I’m extremely glad that we were able to have a discussion about respect that included students, faculty, and staff, though I think that the conversation needs to go beyond the superficial (picking up gum wrappers and napkins, not using cell phones, and learning names) to a deeper level of understanding.
For me, the most important aspects of respect on campus have been inclusivity and a willingness to get to know others without prior judgment. Because there are so many different people from diverse backgrounds on campus, it can be easy to judge people based on how they dress, who their friends are, or what rumors we hear. When we judge people like this, we shut the door on a potential acquaintance or friend.
During my underclassman years, I was frequently guilty of this kind of judgment and disrespect. I was intimidated by kids who were older than I and even kids in my own class who seemed to already know each other before they arrived at school. I decided that I would simply choose other friends and not bother getting to know any of these students. I disrespected these people when I did this.
When I became an upperclassman I realized that many of these people went through the same types of struggles that I did. I respected them much more, and in return I felt much more respected by them.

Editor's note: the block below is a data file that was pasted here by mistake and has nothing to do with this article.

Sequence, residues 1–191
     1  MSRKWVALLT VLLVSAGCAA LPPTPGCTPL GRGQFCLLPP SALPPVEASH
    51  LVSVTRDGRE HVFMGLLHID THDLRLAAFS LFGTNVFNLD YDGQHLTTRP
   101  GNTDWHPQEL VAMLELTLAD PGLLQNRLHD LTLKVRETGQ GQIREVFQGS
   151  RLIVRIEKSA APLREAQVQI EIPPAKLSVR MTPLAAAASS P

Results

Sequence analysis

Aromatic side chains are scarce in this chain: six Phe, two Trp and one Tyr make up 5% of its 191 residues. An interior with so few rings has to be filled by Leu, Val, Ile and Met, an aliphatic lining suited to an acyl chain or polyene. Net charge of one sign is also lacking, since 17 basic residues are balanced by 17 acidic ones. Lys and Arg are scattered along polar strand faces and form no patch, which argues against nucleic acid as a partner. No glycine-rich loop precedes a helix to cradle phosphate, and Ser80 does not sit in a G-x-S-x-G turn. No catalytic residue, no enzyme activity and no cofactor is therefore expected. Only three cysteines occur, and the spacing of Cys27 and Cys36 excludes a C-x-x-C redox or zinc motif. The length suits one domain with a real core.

This same kind of understanding needs to happen between students and staff. I hear students complain that they feel judged by staff members who think that Deerfield students are arrogant, and I hear staff members complain that students don’t say hello to them or pick up after themselves.
As I progress through my time at Deerfield, I also find I have more and more respect not for only what the staff does, but also for how welcome they have made me feel at school. Perhaps the solution to this disconnection and perceived disrespect on both ends is simply the formation of deeper relationships between students and staff.
I’ll never forget Bernie Motyka’s congratulations to me on my acceptance to Deerfield, the countless hugs I have received from Susie Driver and Norm Therien after athletic practices and games, or my homesick conversations with Sandy Magdalenski, the woman who cleaned my dorm during both of my underclassman years. These people reached out to me in a way that made me feel included and respected.
I don’t mean to imply that we need to be best friends with everyone we meet on campus. I do believe that we owe it to everyone in the community to have an open mind in terms of respect and the recent respect forum. We need to try our best not to judge others in order to be respectful.